I just returned from a week in Cuba on a people-to-people exchange tour to meet
with members of Jewish communities in several cities and to learn about the
It has intrigued me that this weak and crumbling country has the
mighty United States so terrified that we would rather deal with Vietnam, North
Korea, Syria and Iran before talking to the Castro regime. Much is the result of
politicians of both parties who fear the disproportionate power wielded by a
small but influential and vindictive émigré community, primarily in South
Fidel Castro, 85, is in failing health and has turned over the
presidency to his brother, Raul, 80. The Castro era is over, we heard from
academics and others we met, and the country is entering a period of transition;
the Americans are very likely to miss an opportunity to help shape the future
because our policy is driven by forces more concerned with revenge on the
Castros and getting back property lost in the 1959 revolution.
Cuba is a
failed state with a deteriorating economy and infrastructure. It is said that
three buildings collapse every day in Havana. More than half a century after the
revolution, Cubans still have food rationing and extensive shortages of
essential commodities including medicines.
Participants in Jewish
missions are asked to bring such basic staples as medicines, toiletries,
toothpaste, soap, first aid kits, as well as sports equipment, musical
instrument and art supplies, dance shoes and attire for children. Medicines of
any kind go to the Patranato, the large Havana synagogue which operates a
Many people can’t get electricity around the clock.
The plumbing is often in disrepair and unreliable. The government controls the
media and there is no independent news coverage. Only the hotels for foreign
tourists and the few Cubans with power and money can get foreign cable news; CNN
and China’s CCTV broadcast English and Spanish channels, when it is
Internet service is rare, antiquated, expensive, tightly
controlled and at the heart of a Cuban-American dispute that involves Jewish
communities in both countries.
Alan Gross, from the Washington suburb of
Potomac, Maryland, was a subcontractor hired by the US Agency for International
Development as part of an American initiative to promote democracy by bringing
computer and communications equipment for the Cuban Jewish community.
made five trips in 2009 – the year after the ban on ownership of computers and
mobile phones was lifted – until he was arrested as he prepared to leave on
December 3 and charged with bringing in electronic equipment without the
required Cuban government permits.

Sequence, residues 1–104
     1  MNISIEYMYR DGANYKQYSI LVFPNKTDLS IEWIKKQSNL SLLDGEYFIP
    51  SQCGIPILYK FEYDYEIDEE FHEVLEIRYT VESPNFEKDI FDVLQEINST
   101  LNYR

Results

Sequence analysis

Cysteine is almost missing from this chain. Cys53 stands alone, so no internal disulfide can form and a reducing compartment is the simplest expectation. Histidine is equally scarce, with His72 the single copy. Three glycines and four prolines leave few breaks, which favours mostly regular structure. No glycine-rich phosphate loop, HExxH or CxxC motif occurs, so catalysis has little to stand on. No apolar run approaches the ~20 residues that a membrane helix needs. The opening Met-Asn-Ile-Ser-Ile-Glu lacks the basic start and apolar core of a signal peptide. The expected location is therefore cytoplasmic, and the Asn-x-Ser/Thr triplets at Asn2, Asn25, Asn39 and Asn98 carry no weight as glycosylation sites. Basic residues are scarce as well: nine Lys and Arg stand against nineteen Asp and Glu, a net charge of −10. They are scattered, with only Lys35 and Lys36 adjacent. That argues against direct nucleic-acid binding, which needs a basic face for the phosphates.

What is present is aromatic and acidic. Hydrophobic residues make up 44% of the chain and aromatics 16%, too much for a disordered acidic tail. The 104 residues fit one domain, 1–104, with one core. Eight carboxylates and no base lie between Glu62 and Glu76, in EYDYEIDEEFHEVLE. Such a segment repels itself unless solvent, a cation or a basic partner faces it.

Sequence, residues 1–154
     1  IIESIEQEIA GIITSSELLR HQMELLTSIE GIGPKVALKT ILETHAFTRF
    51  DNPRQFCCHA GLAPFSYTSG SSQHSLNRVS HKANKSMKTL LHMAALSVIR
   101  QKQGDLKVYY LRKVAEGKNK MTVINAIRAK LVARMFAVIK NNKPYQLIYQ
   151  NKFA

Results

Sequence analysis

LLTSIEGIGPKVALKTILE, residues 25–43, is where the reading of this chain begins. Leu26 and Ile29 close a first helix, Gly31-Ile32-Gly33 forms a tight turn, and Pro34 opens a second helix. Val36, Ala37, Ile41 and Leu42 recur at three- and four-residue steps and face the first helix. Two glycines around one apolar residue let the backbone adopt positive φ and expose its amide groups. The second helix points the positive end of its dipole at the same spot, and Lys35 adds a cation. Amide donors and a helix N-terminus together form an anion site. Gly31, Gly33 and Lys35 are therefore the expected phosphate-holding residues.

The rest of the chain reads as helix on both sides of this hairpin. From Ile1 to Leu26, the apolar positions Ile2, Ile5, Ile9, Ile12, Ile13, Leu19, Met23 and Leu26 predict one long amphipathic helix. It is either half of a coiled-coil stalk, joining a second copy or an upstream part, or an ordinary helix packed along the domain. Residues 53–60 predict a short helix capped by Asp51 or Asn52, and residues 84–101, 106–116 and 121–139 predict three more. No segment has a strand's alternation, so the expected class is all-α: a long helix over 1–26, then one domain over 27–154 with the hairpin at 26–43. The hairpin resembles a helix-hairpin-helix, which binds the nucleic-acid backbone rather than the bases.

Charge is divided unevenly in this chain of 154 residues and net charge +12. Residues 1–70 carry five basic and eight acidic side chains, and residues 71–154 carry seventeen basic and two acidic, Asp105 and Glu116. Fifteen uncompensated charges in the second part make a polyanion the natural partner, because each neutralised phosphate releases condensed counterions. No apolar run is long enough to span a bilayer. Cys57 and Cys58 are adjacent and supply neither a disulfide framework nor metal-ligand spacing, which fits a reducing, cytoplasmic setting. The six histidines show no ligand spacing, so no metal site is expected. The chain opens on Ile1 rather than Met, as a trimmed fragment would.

He had traveled that year with several
missions sponsored by the American Jewish Joint Distribution Committee, asking
participants to put small items like modems, cables, cell phones in the carry-on
bags – but not checked luggage where it might be inspected – and return it to
him after leaving the airport. Gross brought the larger items and apparently had
no trouble getting them into the country. Their bus would drop him at his hotel
and they wouldn’t see him again until boarding their return flights.
they found out about Gross’s arrest, some of those who had helped him and been
assured there was no risk, felt they’d been needlessly put at risk.
I arrived in Cuba earlier this month I had to fill out a customs form asking
whether I was bringing in satellite or other communications equipment. I was
Gross was accused of attempting to “undermine the integrity and
independence” of Cuba and sentenced to 15 years in prison.
President Raul Castro told two visiting US senators in February that Gross “was
no spy,” but he refused the request of Sens. Patrick Leahy (D-Vermont) and
Richard Shelby (R-Alabama) to let them take him home.
with Cubans I met – no government officials, per se, but all meetings had to be
approved by the government – left no doubt that the real motivation behind
Gross’s arrest was very likely a swap for five Cuban intelligence agents serving
prison sentences in the United States.
One of those Cubans, Rene
Gonzalez, was paroled and allowed to return to Cuba for 15 days to visit his
terminally ill brother, prompting efforts to persuade the Cubans to reciprocate
by letting Gross visit his mother, 90, who has inoperable lung cancer, and his
daughter who has breast cancer. There was hope that both men would be able to
stay at home and not return, but the Castro government refused. Gonzales
returned to Florida this week.
Gross, who gets one phone call a week,
used last week’s to contact NBC’s Andrea Mitchell with a simple plea, “Get me
the hell out of here.” He told her, as his family and friends continue to
insist, “I did nothing legally or morally wrong.”
The Cubans have
suggested a five-for-one swap, which under standards set by the Israeli
government in exchanging a single prisoner for over a thousand terrorists,
doesn’t seem like much. But the Cuban Five, who were convicted of conspiracy to
commit espionage, conspiracy to commit murder and other crimes, are symbolically
more important to both governments.
A swap for Gross would be popular in
the Jewish community but not in the Cuban-American community, which rails
against any deals with the “terrorist regime” in Havana, especially since it
could mean handing the Castros a major propaganda victory.
extolling the five as heroes are seen around Cuba and their giant-size portraits
are on the memorial to revolutionary hero Che Guevara. And in this volatile
political year, where Florida’s electoral votes could be decisive, a swap is
highly unlikely. Meanwhile, it seems unlikely the Cubans will send Alan Gross
home any time soon.
Like relations between the two countries, he is being
held hostage to outmoded, counterproductive and politically motivated